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Monmouth College Hewes Library

Evaluating Information Sources: Introduction

Learn more about spotting fake news and finding reliable sources

Were fake presidential election ballots found in an Ohio warehouse? Did one of your friends breathlessly tell you that Donald Trump was going to pardon mass shooter Dylann Roof?  Did Meryl Streep mock disabled individuals on TV?  You might have heard any or all of these stories, but there's one thread connecting all of them: they're not true.

The ability to evaluate information sources (not just news) is an important skill that you'll use for the rest of your life.  This guide is just one resource to help you kick-start your skills in identifying fact, fiction and bias.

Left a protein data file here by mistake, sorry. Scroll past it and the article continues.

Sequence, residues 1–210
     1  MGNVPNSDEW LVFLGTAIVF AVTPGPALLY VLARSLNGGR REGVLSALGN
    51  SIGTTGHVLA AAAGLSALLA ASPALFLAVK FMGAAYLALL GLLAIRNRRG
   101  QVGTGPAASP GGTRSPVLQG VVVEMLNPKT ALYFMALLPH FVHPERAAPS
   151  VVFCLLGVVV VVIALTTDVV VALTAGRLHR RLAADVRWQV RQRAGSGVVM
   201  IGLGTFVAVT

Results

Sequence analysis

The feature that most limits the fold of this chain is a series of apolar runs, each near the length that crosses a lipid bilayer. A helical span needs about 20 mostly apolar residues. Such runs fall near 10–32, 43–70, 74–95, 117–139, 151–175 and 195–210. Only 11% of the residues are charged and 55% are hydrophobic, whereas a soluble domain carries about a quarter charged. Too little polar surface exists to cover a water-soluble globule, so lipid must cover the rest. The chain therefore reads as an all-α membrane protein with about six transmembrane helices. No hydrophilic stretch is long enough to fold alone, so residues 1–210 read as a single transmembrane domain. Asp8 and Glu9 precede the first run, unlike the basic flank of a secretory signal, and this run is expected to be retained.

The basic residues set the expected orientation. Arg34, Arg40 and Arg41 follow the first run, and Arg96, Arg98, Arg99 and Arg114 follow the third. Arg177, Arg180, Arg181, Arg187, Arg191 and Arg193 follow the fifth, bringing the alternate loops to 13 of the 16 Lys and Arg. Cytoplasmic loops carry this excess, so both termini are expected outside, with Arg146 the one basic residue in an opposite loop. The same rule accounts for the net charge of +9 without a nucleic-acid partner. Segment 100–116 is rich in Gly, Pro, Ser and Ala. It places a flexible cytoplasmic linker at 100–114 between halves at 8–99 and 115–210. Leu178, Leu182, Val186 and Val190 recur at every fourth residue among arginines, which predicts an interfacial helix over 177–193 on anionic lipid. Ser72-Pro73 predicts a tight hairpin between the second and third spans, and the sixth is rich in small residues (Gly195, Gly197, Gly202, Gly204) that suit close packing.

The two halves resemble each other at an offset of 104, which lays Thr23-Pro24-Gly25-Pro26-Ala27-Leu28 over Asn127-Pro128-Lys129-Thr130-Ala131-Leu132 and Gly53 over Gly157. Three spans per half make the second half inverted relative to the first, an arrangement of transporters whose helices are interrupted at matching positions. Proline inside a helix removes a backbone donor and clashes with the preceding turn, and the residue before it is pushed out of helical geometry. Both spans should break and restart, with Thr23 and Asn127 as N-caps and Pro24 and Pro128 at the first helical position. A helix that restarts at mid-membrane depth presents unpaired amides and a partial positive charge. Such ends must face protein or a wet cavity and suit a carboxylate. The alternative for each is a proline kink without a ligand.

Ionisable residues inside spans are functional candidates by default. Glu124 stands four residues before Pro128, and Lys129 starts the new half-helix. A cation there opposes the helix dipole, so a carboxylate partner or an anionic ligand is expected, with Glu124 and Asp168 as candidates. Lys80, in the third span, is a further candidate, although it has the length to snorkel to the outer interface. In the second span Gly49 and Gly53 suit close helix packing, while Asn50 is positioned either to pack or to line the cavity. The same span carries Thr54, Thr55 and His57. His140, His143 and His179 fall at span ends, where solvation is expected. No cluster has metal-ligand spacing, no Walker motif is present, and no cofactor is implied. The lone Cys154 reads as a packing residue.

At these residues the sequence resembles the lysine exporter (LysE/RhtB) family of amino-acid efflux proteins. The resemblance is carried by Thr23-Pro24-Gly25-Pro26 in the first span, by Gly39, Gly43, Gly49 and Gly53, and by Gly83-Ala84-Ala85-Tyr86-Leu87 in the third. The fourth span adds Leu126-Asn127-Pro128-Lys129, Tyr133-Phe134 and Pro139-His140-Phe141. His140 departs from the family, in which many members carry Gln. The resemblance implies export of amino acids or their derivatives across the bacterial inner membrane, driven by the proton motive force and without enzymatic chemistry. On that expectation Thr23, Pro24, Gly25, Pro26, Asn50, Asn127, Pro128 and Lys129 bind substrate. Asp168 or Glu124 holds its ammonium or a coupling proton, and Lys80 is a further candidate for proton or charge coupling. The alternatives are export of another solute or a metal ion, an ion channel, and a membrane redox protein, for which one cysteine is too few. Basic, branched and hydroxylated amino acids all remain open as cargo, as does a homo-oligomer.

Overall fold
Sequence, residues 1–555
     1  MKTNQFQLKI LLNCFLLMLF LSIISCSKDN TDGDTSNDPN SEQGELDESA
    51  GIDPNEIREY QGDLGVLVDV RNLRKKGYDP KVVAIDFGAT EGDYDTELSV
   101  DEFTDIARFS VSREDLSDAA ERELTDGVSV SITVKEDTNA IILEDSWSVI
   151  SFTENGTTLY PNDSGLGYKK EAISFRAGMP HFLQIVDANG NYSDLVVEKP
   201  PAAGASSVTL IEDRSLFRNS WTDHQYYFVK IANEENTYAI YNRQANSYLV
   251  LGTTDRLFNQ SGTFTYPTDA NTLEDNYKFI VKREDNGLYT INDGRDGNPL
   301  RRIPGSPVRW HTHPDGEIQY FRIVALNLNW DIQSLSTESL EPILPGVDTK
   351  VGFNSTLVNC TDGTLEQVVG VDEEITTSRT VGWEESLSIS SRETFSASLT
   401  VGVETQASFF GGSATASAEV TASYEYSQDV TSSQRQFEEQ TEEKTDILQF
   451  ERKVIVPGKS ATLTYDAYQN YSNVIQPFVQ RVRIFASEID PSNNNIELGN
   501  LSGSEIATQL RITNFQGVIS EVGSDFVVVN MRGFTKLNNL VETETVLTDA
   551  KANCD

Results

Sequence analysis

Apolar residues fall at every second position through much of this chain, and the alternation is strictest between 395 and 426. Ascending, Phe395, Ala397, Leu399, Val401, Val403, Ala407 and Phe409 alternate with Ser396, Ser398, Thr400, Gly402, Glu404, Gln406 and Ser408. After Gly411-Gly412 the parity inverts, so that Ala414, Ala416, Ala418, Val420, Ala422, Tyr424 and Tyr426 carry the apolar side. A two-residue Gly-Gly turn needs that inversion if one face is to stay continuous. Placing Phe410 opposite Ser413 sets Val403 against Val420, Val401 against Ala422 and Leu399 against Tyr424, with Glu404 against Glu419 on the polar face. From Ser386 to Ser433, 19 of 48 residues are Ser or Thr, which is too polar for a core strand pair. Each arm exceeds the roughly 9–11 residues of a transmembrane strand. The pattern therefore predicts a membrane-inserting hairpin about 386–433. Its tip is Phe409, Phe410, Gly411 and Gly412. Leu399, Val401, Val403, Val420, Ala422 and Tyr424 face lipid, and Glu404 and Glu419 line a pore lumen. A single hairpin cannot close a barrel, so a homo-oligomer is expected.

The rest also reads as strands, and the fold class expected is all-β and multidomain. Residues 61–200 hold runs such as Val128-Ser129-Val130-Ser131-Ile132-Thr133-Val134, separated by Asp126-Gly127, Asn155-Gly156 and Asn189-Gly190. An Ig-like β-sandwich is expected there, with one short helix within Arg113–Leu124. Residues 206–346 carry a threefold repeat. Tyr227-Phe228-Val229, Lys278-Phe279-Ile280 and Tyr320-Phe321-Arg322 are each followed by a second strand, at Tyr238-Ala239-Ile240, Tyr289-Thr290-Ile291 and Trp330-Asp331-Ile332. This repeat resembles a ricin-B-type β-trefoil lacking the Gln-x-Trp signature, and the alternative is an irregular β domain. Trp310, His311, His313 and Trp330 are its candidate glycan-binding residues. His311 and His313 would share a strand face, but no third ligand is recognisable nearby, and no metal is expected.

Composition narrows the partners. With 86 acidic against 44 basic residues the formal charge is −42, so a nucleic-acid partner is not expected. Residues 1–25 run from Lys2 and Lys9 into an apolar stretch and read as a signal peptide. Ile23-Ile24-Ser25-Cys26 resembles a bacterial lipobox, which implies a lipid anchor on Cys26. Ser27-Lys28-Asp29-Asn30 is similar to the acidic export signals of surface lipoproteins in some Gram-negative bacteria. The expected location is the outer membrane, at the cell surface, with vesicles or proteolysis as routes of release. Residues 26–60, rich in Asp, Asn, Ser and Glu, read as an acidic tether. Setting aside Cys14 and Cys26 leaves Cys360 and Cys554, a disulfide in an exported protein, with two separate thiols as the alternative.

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Why this matters

Why should you care about whether or not your news is real or fake?

  1. You deserve the truth.  You are smart enough to make up your own mind - as long as you have the real facts in front of you.  You have every right to be insulted when you read fake news, because you are in essence being treated like an idiot.

  2. Fake news destroys your credibility.  If your arguments are built on bad information, it will be much more difficult for people to believe you in the future.

  3. Reliable information helps you make informed decisions.  Think about the ways you use information now and in the future: voting, purchasing a car, investing in company stock, or choosing a graduate school. Gathering reputable, fact-based information is crucial throughout our lives.


Fake the news!

  • CNN: Fake News, Real Violence:  "Pizzagate" was a fake news story which connected a pizzeria with a child pornography ring allegedly run by Hillary Clinton and John Podesta. On Sunday, December 3, 2016, an armed shooter entered the pizzeria and fired a shot before being accosted by the police.
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